Luke, you are now famous across the globe ... or, at least, in Russia.
To me, this is comes down to writing a scene - if you can do one scene well, you should be able to do a feature length screenplay well ... enough. It's like that Howard Hawkes' line, "Three great scenes and no bad ones". Read any Oscar nominated screenplay. It will usually have a great opening scene. When a writer is capable of revealing the main characters and their background within a couple of pages - a few visuals, some dialog - it tells pretty much everything you need to know about a writer.
One of my favorite examples is Ronald Bass's (Oscar winner for "Rainman" and one of the Hollywood heavyweights) opening pages from "My best friend's wedding". They let a reader know who the characters are with a quick and witty exchange in a restaurant. The script slips in the excitement levels after that but ... if you can do your openings like that, you will find paying gig in this business.
"Faux casual" is a great line and an apt description.
The problem is that once something is deemed 'in", it's what everyone tries to copy for virtually every occasion and that's what most readers and execs look for. Yet, something like "Grand Budapest Hotel" is a throw-back to the Orson Wells and John Huston type of screen writing and, lo and behold, it works just fine ... or, really, better than fine.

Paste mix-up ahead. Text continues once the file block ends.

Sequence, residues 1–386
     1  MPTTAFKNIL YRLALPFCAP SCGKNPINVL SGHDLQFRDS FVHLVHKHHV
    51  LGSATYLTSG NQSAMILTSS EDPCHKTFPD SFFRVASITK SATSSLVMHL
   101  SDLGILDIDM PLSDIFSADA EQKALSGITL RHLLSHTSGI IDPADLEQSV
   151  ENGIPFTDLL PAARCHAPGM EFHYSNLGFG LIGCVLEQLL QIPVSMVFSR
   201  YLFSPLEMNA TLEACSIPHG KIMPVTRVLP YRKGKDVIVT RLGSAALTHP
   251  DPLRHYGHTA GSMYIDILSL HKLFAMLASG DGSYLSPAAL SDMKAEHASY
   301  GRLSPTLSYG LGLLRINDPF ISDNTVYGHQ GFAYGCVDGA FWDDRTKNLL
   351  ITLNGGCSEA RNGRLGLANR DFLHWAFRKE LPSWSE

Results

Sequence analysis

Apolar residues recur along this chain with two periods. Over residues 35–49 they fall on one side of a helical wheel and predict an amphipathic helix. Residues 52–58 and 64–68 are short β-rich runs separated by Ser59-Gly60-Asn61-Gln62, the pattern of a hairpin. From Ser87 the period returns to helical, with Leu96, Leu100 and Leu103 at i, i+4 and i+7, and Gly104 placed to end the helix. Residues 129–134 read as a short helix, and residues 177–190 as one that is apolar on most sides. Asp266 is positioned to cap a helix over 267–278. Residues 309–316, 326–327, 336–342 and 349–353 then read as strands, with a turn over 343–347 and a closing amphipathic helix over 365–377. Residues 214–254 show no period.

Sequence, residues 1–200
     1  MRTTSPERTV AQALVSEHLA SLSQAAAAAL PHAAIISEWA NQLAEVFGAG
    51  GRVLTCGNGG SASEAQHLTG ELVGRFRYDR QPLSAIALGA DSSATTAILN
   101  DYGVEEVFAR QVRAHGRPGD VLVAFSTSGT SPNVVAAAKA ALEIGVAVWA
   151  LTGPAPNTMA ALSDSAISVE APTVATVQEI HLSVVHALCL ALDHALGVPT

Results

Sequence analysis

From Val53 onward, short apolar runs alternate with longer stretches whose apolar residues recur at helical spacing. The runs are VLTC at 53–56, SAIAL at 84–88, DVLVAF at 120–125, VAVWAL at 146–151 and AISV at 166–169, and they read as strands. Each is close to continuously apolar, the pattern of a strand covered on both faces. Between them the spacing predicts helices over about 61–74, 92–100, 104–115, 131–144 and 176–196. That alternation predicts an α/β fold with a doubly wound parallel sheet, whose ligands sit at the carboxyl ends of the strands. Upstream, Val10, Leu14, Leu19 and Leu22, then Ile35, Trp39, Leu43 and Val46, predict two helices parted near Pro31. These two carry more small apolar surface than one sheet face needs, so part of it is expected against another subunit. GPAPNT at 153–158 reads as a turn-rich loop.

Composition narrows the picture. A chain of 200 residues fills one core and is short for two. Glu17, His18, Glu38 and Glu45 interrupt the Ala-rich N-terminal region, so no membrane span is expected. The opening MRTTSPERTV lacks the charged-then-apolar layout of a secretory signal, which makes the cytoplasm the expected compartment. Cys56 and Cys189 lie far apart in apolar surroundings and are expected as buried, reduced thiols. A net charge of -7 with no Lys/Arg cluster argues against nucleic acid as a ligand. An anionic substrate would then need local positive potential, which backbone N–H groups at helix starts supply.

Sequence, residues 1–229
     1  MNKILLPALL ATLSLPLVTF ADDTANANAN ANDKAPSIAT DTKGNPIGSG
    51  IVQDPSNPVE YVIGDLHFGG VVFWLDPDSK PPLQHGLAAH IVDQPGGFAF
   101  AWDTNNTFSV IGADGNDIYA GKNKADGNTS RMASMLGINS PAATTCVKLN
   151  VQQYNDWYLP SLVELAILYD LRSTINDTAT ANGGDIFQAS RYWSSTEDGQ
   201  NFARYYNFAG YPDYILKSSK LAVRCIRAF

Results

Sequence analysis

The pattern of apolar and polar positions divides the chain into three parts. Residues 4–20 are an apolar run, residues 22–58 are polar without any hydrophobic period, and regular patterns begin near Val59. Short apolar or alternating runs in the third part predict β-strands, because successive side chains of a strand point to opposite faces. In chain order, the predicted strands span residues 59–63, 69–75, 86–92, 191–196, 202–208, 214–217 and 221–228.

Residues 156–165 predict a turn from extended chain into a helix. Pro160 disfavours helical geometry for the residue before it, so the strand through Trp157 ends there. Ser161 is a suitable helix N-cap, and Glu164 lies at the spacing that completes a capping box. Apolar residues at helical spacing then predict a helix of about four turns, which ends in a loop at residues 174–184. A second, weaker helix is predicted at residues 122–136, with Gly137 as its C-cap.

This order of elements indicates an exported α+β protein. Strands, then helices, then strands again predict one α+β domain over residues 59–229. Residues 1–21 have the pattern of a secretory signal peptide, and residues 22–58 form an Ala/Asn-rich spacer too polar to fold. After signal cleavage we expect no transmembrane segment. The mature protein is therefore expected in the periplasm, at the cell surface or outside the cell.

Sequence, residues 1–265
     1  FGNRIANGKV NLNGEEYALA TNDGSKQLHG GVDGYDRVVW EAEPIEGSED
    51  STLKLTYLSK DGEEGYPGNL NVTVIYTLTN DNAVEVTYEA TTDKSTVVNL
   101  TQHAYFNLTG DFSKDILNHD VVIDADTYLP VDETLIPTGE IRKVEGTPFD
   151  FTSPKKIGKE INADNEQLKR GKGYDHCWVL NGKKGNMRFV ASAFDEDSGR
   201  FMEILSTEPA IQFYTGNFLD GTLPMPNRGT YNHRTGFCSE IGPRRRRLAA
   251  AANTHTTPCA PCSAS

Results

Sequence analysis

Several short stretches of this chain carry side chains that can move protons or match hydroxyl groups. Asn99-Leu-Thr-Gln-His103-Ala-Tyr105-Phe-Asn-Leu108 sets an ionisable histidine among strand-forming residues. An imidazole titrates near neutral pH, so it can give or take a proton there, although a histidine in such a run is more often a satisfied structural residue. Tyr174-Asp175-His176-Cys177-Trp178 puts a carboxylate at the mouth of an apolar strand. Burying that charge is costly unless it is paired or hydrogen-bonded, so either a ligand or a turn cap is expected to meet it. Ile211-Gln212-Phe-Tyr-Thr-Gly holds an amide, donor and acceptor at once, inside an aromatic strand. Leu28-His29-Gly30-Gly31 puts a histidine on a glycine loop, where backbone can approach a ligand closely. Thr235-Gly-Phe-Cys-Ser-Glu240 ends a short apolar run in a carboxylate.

As a military history buff - Josef Vilsmaier's "Stalingrad" (1992) set the stage for the realistic portrayal of battle action that Spielberg borrowed for "SPR".
"Paths of Glory" is one of Kubrick's best. 'nuff said.
"Come and see" is an incoherent mess but Klimov's wife Larissa Shepitko's made "The Ascent" - Golden Bear Award/ best film, Berlin IFF, 1977 - and it is a work of genius.
Mikhail Kalatozov's "The Cranes are Flying" won the Golden Palm (best film) at Cannes'1958 and shows off the partnership between Kalatozov and his cinematographer Sergey Urusevsky that also resulted in "I am Cuba" half a decade later.
I am also a bit partial to "Wild Honey", a 1965 Soviet film.
FWIW, I just found an interview given by the Jean Jacques Buyon (not sure about the last name spelling), the president of the French Cinematographer Association, that was given in Sankt Petersburg, Russia a couple of weeks ago during an international cinema professional gathering.
It's in Russian but Google Translate does a decent enough job. Buyon opines on a number of subjects from Godard to Renoir to the old hand held cameras like Eclaire to the modern digital.
And the photo of Godard in a wheel chair directing Jean Paul Belmondo and Jean Seberg is "Breathless" is worth the click all by itself.
Deep condolences to family and friends.